Last night was a mixed experience. The first part was great. We had tickets for the San Francisco revival of Cole Porter’s Anything Goes. We rode BART; no agonizing over parking. We had an excellent Italian dinner at 54 Mint; I recommend it if you’re taking in a show. The evening was warmer than it has been. The show was amazing. The show was fabulous. The production number of Anything Goes that ends the first act has to be seen to be believed. (Yes, I liked it!) Rachael York, singing Reno Sweeney, out-belted every other voice in the cast (unfortunately including the male lead, who was good but not in her class) – a great singer, a great dancer. Musicals like this are the 20th century equivalent of the grand opera, and I love them even if the plots are silly (and they are).
The show over, we rode BART back, picked up the car, drove back to the condo in Adams Point where we are currently living while we remodel the house, and set about going to bed. Time, about 11:45 PM. I shut down both computers and started over to the couch to cool down with a crossword puzzle – and the place went black. I was just realizing that I’d heard a kind of a thump – when I heard another one, more clearly an explosion, and I realized the power was out. I probably heard a transformer (or two) blowing up.
Since the walls of the condo are all painted dark red, there’s very little light reflection in the place; and besides, a look out the window that is our south wall showed that there wasn’t any light to reflect. It looked like all of Adams Point was blacked out, from us to Lake Merritt and for at least 5 blocks east and west. Jim simply went to bed. I found a flashlight so I could wash up, then went to bed and started to fuss. I eventually decided I needed to get my cell phone (which had some power left) and report the outage to PG&E. PG&E eventually identified the problem and said that it looked like 2,700 customers were out of power, and they thought it’d be fixed by about 3:30 AM.
Back to bed, and still fussing. I don’t normally worry about power outages; but I’m not normally 9 floors up in a building with electric elevators. I started to worry, and I am a champion worrier. I’m also used to the idea that if the power goes out and I need to leave the house I can open the door and walk out. Suddenly the condo felt like a trap. I could walk down 9 floors if I had to – I’ve done it – but I’d have trouble walking back up. And what would I take? What if the place catches fire? We couldn’t even get the cars out – the security gates on the garage are electrical. How long will the power be out, anyway? The stove is electrical, we can’t cook. (I told you I was a world-class worrier.) I didn’t really sleep until the lights came on again about 1:30 AM, and I didn’t sleep well all night.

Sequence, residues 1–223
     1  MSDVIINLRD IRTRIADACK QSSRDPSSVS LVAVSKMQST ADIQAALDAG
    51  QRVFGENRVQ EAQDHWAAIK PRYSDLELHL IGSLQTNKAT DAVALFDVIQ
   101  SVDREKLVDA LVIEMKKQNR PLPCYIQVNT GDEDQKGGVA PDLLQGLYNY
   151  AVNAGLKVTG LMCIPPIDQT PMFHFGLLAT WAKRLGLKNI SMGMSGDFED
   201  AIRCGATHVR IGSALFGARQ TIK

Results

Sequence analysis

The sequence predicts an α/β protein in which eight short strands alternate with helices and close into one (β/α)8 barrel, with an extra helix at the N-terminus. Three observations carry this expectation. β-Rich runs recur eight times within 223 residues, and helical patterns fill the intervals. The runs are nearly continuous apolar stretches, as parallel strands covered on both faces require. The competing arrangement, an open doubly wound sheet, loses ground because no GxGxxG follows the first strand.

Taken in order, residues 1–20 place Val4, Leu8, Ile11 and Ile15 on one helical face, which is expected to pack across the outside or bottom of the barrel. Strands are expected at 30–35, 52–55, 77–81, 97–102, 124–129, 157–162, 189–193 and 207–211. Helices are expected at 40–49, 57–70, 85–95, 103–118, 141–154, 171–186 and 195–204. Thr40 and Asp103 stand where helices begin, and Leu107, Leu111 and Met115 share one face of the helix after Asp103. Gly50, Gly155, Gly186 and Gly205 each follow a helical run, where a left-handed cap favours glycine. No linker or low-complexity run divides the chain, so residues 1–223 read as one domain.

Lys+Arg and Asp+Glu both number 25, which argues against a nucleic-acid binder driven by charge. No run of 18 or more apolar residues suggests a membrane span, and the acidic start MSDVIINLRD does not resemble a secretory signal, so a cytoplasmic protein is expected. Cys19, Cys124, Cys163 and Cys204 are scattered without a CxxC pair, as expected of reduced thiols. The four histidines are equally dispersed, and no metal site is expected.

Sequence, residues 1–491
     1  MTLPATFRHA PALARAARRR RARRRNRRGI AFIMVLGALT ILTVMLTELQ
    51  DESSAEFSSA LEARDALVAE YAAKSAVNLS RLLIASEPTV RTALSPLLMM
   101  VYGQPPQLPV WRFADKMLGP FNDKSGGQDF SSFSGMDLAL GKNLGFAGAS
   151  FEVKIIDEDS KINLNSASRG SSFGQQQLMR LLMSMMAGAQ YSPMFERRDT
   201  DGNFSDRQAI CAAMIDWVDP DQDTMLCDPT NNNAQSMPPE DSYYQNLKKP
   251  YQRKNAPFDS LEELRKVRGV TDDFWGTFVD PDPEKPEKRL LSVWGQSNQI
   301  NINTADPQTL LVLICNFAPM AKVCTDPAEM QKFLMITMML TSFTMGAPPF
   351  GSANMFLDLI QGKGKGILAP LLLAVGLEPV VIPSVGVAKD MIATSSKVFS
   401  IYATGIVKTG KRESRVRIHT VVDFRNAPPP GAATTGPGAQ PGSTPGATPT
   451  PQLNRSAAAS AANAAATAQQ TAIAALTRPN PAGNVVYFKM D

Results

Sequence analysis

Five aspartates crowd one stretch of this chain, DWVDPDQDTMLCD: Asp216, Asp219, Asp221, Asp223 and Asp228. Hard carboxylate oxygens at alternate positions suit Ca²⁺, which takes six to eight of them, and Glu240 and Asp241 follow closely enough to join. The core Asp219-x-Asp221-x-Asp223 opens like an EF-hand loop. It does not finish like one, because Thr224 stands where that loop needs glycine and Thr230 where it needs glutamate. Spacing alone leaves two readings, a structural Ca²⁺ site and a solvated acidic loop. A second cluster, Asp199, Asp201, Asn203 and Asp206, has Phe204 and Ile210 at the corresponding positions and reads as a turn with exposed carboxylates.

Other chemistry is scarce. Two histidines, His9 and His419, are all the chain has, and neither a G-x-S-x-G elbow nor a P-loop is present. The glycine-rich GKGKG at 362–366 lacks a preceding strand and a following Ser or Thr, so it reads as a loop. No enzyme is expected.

I now have a new slant on living in a high-rise. They have many advantages – no yards to mow and weed, someone else takes care of leaking roofs – but when the power goes out, they don’t feel so safe. In the days when I worked in a high-rise in San Francisco, they said that fire department ladders only reach to the 6th floor, although a check through Google shows that, thirty years later, they can reach the 9th floor, and some can reach the 12th. It seems to vary a lot. But if you’re on floor 25, the ladder may not reach you. One hopes they don’t have to try.
The weirdest thing about this whole experience? There was no mention of it in the local news this morning. Nothing. Twenty-seven hundred people lost power, and it wasn’t worth covering, even on the local blog sites. The only Oakland power outage Google turned up was the one last September when a squirrel got into a substation. That was 10,000 customers; maybe that’s the minimum.
They always seem to blame it on squirrels in our neighborhood. I’ve begun to wonder just who is smarter – PG&E or squirrels.